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Inheritance, Genes, and Chromosomes 8. Chapter 8 Inheritance, Genes, and Chromosomes Key Concepts 8.1 Genes Are Particulate and Are Inherited According.

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Presentation on theme: "Inheritance, Genes, and Chromosomes 8. Chapter 8 Inheritance, Genes, and Chromosomes Key Concepts 8.1 Genes Are Particulate and Are Inherited According."— Presentation transcript:

1 Inheritance, Genes, and Chromosomes 8

2 Chapter 8 Inheritance, Genes, and Chromosomes Key Concepts 8.1 Genes Are Particulate and Are Inherited According to Mendel’s Laws 8.2 Alleles and Genes Interact to Produce Phenotypes 8.3 Genes Are Carried on Chromosomes 8.4 Prokaryotes Can Exchange Genetic Material

3 Chapter 8 Opening Question How is hemophilia inherited through the mother, and why is it more frequent in males?

4 Concept 8.1 Genes Are Particulate and Are Inherited According to Mendel’s Laws Early experiments with genetics yielded two theories: Blending inheritance—gametes contained determinants (genes) that blended when gametes fused during fertilization Particulate inheritance—each determinant was physically distinct and remained intact during fertilization

5 Concept 8.1 Genes Are Particulate and Are Inherited According to Mendel’s Laws Mendel used the scientific method and studied garden peas. Their flowers have both male and female sex organs, pistils, and stamens, to produce gametes. Male organs can be removed to allow fertilization by another flower.

6 In-Text Art, Ch. 8, p. 145

7 Concept 8.1 Genes Are Particulate and Are Inherited According to Mendel’s Laws Character—observable physical feature (e.g., flower color, seed shape) Trait—form of a character (e.g., purple flowers or white flowers, wrinkled seeds) Mendel worked with true-breeding varieties—when plants of the same variety were crossed, all offspring plants produced the same seeds and flowers.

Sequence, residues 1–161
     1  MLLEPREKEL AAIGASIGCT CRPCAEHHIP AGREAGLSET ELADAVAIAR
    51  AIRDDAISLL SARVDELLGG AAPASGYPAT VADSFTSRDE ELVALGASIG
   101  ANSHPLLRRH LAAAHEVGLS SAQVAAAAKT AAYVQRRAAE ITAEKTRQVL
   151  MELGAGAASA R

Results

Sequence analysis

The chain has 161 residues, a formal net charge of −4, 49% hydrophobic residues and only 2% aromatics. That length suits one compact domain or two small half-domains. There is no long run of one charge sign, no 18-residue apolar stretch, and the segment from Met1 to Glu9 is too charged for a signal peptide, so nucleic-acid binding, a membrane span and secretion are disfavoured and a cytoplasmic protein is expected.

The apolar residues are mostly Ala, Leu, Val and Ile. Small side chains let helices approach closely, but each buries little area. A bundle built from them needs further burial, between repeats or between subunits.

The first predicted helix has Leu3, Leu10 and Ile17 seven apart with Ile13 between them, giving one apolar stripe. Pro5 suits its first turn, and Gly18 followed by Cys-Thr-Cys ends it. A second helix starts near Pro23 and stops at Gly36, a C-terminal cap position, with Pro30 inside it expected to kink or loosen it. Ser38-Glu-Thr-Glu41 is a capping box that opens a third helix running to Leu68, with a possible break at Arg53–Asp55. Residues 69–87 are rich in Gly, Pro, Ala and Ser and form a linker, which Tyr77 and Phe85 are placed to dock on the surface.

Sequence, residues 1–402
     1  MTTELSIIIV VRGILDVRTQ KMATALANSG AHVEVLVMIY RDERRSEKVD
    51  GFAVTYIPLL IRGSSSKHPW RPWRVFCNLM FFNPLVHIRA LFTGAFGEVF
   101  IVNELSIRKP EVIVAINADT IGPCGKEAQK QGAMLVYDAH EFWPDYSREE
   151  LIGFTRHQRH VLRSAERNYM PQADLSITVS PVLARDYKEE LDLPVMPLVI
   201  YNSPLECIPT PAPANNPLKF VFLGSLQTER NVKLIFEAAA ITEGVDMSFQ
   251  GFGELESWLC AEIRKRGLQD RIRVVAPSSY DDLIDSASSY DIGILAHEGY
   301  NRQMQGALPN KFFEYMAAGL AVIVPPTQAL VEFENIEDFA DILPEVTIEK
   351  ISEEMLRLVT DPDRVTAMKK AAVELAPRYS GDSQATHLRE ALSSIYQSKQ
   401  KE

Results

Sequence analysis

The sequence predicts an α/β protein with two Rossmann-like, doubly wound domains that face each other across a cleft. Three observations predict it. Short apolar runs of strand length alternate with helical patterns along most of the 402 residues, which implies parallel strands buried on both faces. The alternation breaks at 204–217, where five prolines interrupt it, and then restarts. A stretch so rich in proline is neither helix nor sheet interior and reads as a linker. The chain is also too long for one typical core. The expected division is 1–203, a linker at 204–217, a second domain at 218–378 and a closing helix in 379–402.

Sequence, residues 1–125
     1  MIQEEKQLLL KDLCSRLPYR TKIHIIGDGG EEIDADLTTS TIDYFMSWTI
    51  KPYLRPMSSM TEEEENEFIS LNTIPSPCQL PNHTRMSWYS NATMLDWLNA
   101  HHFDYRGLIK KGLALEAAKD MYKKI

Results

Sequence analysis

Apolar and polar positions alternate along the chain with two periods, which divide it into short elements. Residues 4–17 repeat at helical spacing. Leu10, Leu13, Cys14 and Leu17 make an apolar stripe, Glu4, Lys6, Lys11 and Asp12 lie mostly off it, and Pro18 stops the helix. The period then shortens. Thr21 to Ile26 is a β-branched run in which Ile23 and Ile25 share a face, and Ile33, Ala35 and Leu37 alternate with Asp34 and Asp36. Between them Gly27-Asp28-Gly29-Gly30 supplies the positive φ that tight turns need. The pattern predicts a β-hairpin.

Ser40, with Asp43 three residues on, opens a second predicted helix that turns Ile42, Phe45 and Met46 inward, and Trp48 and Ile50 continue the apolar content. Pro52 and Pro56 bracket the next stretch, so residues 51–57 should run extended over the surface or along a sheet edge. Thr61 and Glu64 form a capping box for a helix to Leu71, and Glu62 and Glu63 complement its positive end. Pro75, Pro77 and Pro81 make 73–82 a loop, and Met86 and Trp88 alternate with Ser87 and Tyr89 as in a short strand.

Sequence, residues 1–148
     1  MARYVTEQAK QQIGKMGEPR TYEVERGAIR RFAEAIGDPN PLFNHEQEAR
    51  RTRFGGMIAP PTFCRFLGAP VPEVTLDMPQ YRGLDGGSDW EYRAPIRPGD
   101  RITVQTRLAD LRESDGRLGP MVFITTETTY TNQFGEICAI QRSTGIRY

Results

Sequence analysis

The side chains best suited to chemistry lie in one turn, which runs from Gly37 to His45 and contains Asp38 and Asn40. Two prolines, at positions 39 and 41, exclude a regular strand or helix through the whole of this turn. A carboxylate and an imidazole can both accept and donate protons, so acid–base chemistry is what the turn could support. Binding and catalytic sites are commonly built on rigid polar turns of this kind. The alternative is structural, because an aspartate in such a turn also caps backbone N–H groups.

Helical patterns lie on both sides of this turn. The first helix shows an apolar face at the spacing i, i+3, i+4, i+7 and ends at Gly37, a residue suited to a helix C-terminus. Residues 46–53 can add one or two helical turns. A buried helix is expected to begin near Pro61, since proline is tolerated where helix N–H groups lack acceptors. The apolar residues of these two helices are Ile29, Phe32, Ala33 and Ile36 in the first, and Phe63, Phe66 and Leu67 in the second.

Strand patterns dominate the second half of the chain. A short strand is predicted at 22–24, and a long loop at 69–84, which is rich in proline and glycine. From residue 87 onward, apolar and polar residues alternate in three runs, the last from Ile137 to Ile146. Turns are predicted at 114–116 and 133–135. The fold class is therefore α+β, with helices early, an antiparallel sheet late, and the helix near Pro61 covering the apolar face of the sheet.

8 Concept 8.1 Genes Are Particulate and Are Inherited According to Mendel’s Laws Mendel’s crosses: Pollen from one parent was transferred to the stigma of the other parent. Parental generation = P Resulting offspring = first filial generation or F 1 If F 1 plants self-pollinate, they produce second filial generation or F 2.

9 Concept 8.1 Genes Are Particulate and Are Inherited According to Mendel’s Laws In Mendel’s first experiment, he crossed plants differing in just one character (P). This produced monohybrids in the F 1 generation. The monohybrids were then allowed to self- pollinate to form the F 2 generation—a monohybrid cross. Mendel repeated this for seven characters.

10 Figure 8.1 Mendel’s Monohybrid Experiments (Part 1)

11 Figure 8.1 Mendel’s Monohybrid Experiments (Part 2)

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13 Concept 8.1 Genes Are Particulate and Are Inherited According to Mendel’s Laws One trait of each pair disappeared in the F 1 generation and reappeared in F 2 —these traits are recessive. The trait that appears in the F 1 is the dominant trait. The ratio of dominant traits to recessive traits in the F 2 was about 3:1.